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<i> Snapshots of life in the Golden State.</i> : Budget Impasse Made for a Life of All Work, No Pay

You have to figure that anyone signing on to work for new Assembly Speaker Doris Allen (R-Cypress) would realize that the job comes with certain hazards. And we all know that many state employees have been working for nothing since July 1, when the Legislature failed to pass a budget.

Put both of those factors together and you get the life of Mike Pottage, which is nothing short of ridiculous these days.

Since joining Allen’s staff as director of communications June 28, Pottage (rhymes with cottage) has had exactly one day off and two days pay.

“I came into a situation where we were trying to put a press operation together,” said Pottage one recent evening at 8 while waiting for the Assembly to reconvene and maybe, just maybe, vote on a budget. “The entire Speaker’s office has been organized since the 5th of June--during a budget crisis.”

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No, he’s not complaining. He loves the work, loves the boss, understands the difficulties, thrives on the long hours. Had the budget impasse lasted too much longer, he could have turned to his seven grown children for a loan to get by.

But he has already made plans for his first moment off, and they don’t include a trip to Disneyland. Pottage is going to the drugstore. “I have to take a blood pressure pill,” he said earlier this week. “I haven’t taken it in two days because I haven’t had time to go to the pharmacy.”

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Love Him True

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Elvis Presley died 18 years ago this month, but you wouldn’t know it by his fans. They love him tender in 500 Elvis fan clubs in 44 countries; no state and only one nation treats him nicer than California. Here are some places where the King is always on their minds. *--*

PLACE CLUBS Canada 23 California 21 England 21 Austrailia 19 Brazil 10 Germany 7 Romania 5 Malaysia 2 Sri Lanka 2 Croatia 1 Macedonia 1

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Source: Elvis Presley Enterprises Inc.

Researched by TRACY THOMAS / Los Angeles Times

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What’s in a name: The good people of Lassen County are in a bit of a bind over what to call two local landmarks. Fredonyer Mountain and Fredonyer Pass have been known since 1852 for their discoverer, Atlas Fredonyer, a Republican crusader. And convicted child molester.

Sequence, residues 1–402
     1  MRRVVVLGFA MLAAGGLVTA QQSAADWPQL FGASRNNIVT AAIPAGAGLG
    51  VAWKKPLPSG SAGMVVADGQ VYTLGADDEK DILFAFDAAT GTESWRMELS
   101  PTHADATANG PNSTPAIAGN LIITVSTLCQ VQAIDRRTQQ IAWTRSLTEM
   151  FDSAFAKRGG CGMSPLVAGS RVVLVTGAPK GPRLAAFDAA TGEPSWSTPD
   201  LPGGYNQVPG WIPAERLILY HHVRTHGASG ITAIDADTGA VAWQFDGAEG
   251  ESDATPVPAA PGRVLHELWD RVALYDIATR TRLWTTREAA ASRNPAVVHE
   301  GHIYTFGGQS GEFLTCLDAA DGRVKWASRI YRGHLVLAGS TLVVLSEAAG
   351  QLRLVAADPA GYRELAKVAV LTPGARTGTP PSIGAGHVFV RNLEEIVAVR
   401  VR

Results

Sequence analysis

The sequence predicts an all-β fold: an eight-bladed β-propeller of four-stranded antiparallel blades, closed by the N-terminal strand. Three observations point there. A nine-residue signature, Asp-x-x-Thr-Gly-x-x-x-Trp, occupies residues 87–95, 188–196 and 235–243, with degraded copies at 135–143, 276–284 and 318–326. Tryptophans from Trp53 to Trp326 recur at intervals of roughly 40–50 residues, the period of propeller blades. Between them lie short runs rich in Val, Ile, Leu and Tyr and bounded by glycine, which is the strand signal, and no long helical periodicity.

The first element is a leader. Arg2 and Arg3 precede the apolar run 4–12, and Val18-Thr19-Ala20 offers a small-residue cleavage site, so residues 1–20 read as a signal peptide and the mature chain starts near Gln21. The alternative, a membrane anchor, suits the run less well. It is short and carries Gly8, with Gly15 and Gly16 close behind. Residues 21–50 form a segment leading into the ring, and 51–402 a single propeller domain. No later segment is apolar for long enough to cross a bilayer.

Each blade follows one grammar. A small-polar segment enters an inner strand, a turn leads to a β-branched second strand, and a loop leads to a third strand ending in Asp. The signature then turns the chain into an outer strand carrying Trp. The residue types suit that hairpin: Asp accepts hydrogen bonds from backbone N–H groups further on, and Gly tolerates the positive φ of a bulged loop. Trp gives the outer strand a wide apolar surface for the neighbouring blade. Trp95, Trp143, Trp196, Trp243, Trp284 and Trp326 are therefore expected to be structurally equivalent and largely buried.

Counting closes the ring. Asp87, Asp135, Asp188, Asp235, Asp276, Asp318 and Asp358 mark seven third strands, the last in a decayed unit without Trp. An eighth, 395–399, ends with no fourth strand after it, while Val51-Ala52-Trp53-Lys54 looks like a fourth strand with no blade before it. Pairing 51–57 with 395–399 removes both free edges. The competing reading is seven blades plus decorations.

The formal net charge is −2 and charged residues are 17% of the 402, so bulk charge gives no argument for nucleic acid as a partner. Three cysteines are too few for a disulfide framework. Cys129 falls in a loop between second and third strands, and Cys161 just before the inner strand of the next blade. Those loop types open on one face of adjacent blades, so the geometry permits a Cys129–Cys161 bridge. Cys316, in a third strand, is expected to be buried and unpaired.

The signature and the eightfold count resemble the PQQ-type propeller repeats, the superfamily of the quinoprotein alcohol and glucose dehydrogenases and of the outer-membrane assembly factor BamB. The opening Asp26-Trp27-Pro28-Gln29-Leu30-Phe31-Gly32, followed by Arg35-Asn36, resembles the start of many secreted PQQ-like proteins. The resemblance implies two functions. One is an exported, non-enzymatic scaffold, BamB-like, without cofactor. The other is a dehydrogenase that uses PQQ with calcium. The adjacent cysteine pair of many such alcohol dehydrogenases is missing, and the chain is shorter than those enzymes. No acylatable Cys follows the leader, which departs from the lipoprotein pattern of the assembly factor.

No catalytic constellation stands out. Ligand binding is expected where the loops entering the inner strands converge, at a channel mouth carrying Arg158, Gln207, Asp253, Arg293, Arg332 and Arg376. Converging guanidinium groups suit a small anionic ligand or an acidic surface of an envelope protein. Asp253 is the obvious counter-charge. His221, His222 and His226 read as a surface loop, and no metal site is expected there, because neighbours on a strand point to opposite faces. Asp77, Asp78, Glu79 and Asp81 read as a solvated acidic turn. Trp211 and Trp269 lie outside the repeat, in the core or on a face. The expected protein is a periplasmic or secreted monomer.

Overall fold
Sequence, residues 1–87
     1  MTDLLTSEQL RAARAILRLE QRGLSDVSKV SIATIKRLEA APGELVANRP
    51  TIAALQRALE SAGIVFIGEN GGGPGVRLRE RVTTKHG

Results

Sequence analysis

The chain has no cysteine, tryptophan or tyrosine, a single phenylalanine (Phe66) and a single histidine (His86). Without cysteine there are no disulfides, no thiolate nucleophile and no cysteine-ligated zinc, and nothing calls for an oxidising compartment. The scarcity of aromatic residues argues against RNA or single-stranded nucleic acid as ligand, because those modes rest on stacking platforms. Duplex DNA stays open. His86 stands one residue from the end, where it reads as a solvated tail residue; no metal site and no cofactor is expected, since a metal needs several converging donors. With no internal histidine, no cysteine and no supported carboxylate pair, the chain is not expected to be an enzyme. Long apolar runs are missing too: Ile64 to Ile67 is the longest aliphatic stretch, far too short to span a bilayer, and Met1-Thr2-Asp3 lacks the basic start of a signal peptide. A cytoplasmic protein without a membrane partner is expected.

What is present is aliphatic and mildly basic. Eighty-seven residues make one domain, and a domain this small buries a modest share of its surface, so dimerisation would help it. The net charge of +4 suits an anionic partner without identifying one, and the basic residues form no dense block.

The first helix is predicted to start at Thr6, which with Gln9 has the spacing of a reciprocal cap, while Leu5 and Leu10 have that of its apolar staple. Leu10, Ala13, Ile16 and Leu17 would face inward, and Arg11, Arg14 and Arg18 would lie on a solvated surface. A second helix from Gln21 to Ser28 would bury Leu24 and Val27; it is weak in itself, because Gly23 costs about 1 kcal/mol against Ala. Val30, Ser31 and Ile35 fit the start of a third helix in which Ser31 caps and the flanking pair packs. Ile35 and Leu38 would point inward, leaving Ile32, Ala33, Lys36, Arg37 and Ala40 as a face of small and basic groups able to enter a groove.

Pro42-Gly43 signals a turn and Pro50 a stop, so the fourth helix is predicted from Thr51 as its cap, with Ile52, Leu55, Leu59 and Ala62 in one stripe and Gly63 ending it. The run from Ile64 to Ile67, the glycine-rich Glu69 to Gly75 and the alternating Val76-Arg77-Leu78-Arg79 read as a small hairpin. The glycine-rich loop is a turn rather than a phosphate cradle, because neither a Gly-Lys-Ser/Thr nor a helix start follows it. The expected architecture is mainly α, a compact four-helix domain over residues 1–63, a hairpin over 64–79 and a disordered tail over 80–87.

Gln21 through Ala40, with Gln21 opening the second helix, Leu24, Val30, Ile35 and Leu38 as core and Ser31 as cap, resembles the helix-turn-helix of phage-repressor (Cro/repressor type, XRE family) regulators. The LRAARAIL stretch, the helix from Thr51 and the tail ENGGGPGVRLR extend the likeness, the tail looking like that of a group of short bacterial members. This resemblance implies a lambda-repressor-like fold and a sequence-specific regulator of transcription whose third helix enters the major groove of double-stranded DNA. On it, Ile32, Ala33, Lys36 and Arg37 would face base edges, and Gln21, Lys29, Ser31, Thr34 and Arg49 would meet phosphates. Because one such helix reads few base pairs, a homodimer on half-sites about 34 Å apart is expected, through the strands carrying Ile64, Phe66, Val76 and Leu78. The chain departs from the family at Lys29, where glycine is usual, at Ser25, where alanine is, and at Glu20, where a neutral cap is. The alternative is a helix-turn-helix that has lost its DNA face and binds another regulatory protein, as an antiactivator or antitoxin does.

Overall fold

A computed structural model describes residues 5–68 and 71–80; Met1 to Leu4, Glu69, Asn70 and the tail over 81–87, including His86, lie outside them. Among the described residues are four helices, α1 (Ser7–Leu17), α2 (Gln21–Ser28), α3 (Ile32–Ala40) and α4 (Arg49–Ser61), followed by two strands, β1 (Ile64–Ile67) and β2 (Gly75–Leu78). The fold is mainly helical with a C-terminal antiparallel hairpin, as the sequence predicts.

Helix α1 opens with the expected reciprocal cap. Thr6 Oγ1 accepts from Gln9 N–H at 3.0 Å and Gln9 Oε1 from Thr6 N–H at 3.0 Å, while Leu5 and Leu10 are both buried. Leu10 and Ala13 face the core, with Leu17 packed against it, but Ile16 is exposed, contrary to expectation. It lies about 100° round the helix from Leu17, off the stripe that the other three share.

Fredonyer’s dark side has always rankled Don E. Saltzman, a lieutenant at the California Correctional Center near Susanville. So Saltzman suggested that the landmarks be renamed in honor of Larry D. Griffith, a Lassen County Sheriff’s Deputy killed last March while responding to a domestic dispute.

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The state Legislature recently agreed--to the chagrin of the Lassen County Historical Society. “It’s not our place to go back and change history,” said the society’s Janet Corey. We can always, however, call it something else.

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What’s in a name, Part II: First, he sued Disneyland to change the park’s ban on same-sex dancing. Then he sued Chippendale’s to change its prohibition on male attendance at male strip shows. Next he sued Gloria Marshall Figure Salons to change the company’s women-only policy.

Now he’s changing his name: Andrew Ross Exler, 34, has become “Crusader.” It’ll even say so on his Social Security card.

“If we changed our names so that they reflected what we are or what we do, my gosh, we’d have some really interesting names,” Christian activist Paul Sickler, who occasionally jousts with Exler, told the Palm Springs Desert Sun.

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We always thought they acted funny: Young but proud, the 2-year-old Inland Empire Film Commission is touting its arid environs these days as “Hollywood’s Largest Backlot.” Of the six feature films recently produced in the land of three-digit temperatures, one is particularly eye-catching.

“From Dusk Till Dawn,” featuring Quentin Tarantino, George Clooney and Juliette Lewis, is described by the commission as follows: “The story is about two thieves who stumble on a biker bar whose patrons happen to be the undead.”

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Festival of festivals: Southland readers will be forgiven if they don’t realize that California--the No. 1 farm festival state--is currently in the thick of the celebration season. From July through October, each month is a double-digit fair month, with festivals stretching from Klamath (salmon) to Yuba City (prunes).

Last week saw the 17th annual Gilroy Garlic Festival, a three-day fete honoring the stinky rose and introducing the brave to everything from teriyaki-soaked garlic cloves to garlic ice cream. “I don’t think I’d ever try it if it wasn’t free,” said an honest Michael Scharff of Walnut Creek.

So what’s on tap this weekend? The International Calamari Festival kicks off in Santa Cruz. Tomatoes are feted in Fairfield, lamb in downtown Dixon. And Fresno County weighs in with the Firebaugh 49th Cantaloupe Roundup. Git along, little muskmelons.

EXIT LINE

“What is tolerated in San Francisco will not be tolerated in Dump Truck, Iowa.”

--San Francisco Police Inspector Michael Curran, in a San Francisco Examiner article on the Bay Area’s thriving S & M scene.

California Dateline appears every other Friday.


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